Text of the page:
We reach Pittston and head in, searching for our lodgings. In vain. No streets make sense. Finally, Kevin seeks out a pay phone and calls the hotel, getting directions from our current location. These directions lead us thru a maze of low-hanging power lines and skinny streets which I navigate in a near-total panic in my huge truck. They culminate in a 12% downhill grade. I pray my way down. We finally locate the motel, and pull in. No place to park the truck. I round a corner in the parking lot and find myself in a dead-end area, one lane-and-parking spaces-wide. Great! But after the great construction hell, I can dare all. A 47-point u-turn the truck around in the parking lot, back to the intersection and park. There's enough room for others to get around the truck, so I'm done. Lock up and flip me!

By the time I get to our room, Kevin has retrieved the infamous air bed. I nearly collapse with relief at finally being done with the day.

States covered – Indiana, Ohio, Pennsylvania

Time zone – Eastern

Distance today – 571 miles

Total distance – 2515 miles


Day Six: Pittston, PA to Houlton, ME . . . and beyond.

Up in the morning, and heading for Maine. We have a brief panic with the truck in the morning when the ABS-system warning light comes on. A quick call to the 800-number, and an even quicker visit from a repair guy and our fears about traveling are relieved. We have it on good authority (the repair guy) that there's no more construction between Pittston and the state line, so off we go. Houlton, Maine is the final stop before our new home! The day is bright and sunny and cool, perfect driving weather.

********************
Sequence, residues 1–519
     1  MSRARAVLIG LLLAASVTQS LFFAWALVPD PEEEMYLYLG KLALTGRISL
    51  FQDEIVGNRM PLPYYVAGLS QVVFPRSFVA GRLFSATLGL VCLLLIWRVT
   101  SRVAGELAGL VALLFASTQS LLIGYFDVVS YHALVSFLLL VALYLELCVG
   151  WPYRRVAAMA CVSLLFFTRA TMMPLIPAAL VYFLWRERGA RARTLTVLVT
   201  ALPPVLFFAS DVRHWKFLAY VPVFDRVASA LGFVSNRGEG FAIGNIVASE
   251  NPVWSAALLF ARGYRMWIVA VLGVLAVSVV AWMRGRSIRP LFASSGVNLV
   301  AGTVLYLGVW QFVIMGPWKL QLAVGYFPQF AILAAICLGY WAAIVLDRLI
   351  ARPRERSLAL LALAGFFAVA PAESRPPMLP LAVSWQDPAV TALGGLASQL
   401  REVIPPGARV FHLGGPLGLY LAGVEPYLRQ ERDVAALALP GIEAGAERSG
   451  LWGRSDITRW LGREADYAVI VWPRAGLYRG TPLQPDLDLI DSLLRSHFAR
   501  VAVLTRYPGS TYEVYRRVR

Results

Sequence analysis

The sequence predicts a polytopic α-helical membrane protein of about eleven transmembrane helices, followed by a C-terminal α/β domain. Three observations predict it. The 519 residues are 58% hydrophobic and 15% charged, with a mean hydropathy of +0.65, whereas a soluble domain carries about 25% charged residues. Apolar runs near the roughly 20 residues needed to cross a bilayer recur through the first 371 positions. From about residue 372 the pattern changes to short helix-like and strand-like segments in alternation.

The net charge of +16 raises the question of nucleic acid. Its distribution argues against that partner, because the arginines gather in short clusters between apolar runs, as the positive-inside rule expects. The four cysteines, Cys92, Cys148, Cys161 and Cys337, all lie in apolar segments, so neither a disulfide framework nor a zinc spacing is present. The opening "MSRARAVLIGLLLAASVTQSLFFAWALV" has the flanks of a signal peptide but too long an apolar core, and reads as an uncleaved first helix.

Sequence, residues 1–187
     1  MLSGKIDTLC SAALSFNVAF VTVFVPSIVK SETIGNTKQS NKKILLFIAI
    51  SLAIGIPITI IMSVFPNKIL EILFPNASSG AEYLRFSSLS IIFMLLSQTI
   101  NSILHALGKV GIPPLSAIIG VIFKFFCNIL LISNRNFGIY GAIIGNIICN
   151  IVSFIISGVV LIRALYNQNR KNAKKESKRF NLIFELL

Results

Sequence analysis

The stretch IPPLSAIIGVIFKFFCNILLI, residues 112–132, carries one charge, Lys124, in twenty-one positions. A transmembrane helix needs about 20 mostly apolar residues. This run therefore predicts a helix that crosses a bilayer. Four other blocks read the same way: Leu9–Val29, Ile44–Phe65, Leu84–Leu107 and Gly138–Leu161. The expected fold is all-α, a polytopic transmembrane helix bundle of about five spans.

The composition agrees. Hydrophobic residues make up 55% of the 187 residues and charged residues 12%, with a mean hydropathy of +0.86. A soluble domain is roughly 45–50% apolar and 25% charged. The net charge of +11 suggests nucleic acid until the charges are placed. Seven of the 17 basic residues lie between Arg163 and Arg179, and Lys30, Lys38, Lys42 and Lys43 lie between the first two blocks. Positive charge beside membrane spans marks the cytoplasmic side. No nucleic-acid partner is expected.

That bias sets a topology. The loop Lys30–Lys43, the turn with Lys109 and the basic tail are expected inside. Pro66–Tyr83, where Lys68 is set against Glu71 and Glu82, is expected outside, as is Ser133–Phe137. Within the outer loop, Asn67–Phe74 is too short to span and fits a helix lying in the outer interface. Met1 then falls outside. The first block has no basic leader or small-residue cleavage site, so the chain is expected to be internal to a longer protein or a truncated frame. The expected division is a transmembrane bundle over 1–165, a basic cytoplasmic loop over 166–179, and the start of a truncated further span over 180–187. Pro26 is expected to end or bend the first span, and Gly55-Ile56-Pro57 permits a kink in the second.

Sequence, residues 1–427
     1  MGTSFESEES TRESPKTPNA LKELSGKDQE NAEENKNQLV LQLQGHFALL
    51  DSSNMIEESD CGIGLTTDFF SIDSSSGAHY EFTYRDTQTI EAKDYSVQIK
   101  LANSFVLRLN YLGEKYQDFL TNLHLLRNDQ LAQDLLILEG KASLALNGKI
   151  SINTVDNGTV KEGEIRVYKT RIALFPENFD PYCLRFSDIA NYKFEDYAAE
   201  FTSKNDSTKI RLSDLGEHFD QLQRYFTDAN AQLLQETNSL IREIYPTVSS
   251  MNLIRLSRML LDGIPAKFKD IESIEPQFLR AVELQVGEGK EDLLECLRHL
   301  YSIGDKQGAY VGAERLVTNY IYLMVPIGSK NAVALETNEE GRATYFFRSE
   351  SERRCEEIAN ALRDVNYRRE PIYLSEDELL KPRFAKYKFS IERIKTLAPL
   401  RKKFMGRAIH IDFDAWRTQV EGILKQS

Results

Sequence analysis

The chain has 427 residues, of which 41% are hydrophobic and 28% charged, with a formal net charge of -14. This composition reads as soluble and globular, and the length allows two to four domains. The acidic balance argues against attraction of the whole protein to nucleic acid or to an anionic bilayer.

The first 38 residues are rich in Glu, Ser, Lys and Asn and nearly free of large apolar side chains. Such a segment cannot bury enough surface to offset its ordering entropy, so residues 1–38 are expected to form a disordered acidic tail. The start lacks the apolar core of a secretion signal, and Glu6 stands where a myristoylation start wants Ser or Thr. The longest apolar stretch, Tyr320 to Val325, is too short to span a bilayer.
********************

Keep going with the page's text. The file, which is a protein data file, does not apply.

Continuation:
This info is mostly true, and we reach New York without incident. A quick jaunt thru the state leads us to Connecticut and then on to Massachusetts. The roads are good and traffic not bad, so we're making great time.

In Massachusetts, connect with the Mass Pike, the first of many toll roads in the final stages of the trip. We do a wide swing around Boston on I-495 and pick up I-95 on the far side, plunging into New Hampshire and then onto Maine.

<Kevin: Here we encounter my bonehead maneuver of the trip.  Just before we got to the Massachusetts turnpike, I take one of my rare trips ahead of Nancy.  I'm convinced that we agreed to stop for gas before we get on the toll road.  I'm about two miles ahead of the truck when I pull off at a truck stop.  I'm calling Nancy on the radio to let her know where I am.  Neglecting to take the hilly terrain into account, by the time she's close enough to hear clearly, she's already past the exit and getting on the toll road.  I manage to catch up with her just past the exit to the outer ring road around Boston.  Oops.>